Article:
Autumn Mirror - Lake Waramaug State Park, Kent, Connecticut

This is another in my series of re-editing older photos that were poorly processed by me in the past. This one may be my worst processed photo ever with a "cringe" factor of 10 (out of 10). The original photo was shot in 2009 and was processed during my early HDR phase. I sometimes say that I don't know what I was thinking back then and the original proves it. HDR has gotten a bad reputation for over processing photos. Don't believe me? Just do a search on "I hate HDR" and you will find a myriad of poorly processed photos. I wouldn't be surprised if you find my photo there because it is dreadful. That would be a shame as the subject is not at fault here, only the editing.

The subject in this case, shows off the beauty of the foliage in New England that is renowned. Lake Waramaug is about an hour from my house and is a gorgeous setting for the foliage, often resulting in some beautiful reflections. It is, in fact, my favorite local place to shoot foliage. Hopefully, now that I have re-edited the photo, its beauty comes out to you.

On a side note, you might have gotten the impression that I hate HDR. I don't. I have learned over the years to properly process HDR photos. I don't do it often anymore, as the more modern software and camera sensors have gotten to the point that it is not necessary. There are certain situations where HDR is required. The way I look at it now, HDR is just another tool in my toolbox.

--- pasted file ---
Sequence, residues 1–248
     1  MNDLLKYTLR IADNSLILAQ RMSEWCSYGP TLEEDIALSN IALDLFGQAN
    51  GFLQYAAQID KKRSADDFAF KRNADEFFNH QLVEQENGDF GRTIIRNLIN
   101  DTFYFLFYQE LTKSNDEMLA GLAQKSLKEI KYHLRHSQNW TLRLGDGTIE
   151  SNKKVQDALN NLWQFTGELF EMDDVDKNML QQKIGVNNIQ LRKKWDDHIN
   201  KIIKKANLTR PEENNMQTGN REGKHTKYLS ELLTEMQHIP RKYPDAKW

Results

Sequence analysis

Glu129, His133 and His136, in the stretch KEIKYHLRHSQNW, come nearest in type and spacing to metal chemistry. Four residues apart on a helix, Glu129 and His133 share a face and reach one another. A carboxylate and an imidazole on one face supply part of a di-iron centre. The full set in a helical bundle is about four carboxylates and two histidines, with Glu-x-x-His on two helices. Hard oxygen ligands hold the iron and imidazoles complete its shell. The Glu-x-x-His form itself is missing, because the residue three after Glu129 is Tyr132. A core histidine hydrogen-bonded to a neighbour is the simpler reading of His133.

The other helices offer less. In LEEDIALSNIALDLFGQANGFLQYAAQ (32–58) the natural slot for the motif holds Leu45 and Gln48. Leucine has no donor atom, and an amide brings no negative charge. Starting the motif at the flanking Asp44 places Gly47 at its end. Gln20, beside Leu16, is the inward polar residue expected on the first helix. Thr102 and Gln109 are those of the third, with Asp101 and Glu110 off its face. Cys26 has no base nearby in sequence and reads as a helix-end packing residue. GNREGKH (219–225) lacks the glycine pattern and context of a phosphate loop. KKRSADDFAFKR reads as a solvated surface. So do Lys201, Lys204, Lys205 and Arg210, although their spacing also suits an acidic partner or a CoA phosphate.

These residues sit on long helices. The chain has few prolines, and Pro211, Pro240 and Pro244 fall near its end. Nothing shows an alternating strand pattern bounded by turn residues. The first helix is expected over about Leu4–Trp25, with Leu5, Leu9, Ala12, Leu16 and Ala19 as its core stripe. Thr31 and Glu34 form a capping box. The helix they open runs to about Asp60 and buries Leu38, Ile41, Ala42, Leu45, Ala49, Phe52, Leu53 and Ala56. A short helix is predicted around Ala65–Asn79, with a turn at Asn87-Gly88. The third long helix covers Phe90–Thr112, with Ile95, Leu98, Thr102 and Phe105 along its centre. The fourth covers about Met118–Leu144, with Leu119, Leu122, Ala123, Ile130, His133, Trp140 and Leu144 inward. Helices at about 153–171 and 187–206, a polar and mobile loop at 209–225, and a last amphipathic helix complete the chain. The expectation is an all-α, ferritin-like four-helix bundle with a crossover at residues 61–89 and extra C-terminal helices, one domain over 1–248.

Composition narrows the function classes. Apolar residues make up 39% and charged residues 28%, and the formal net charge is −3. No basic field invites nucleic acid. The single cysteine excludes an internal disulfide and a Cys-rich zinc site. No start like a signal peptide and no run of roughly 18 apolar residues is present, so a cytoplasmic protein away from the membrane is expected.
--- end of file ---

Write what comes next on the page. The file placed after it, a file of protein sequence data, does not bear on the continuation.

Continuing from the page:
The Original

Beach Glow - Vero Beach, Florida

I am still slowly going through some of my photos from earlier trips this year. Back in February, we spent some time on the east coast of Florida, primarily in Vero Beach. It was the first time in the area and it was quite peaceful compared to the hustle of the southern part of Florida's east coast where we have been numerous times. We were fortunate to be staying right on the beach, but the weather was unusually cold. One morning, I got up early and headed to the beach to get a few shots. The wind was blowing hard and I was freezing. There were quite the number of clouds, but they opened up for the few moments that let me get this shot.

Going Low - Mount Rainier National Park, Washington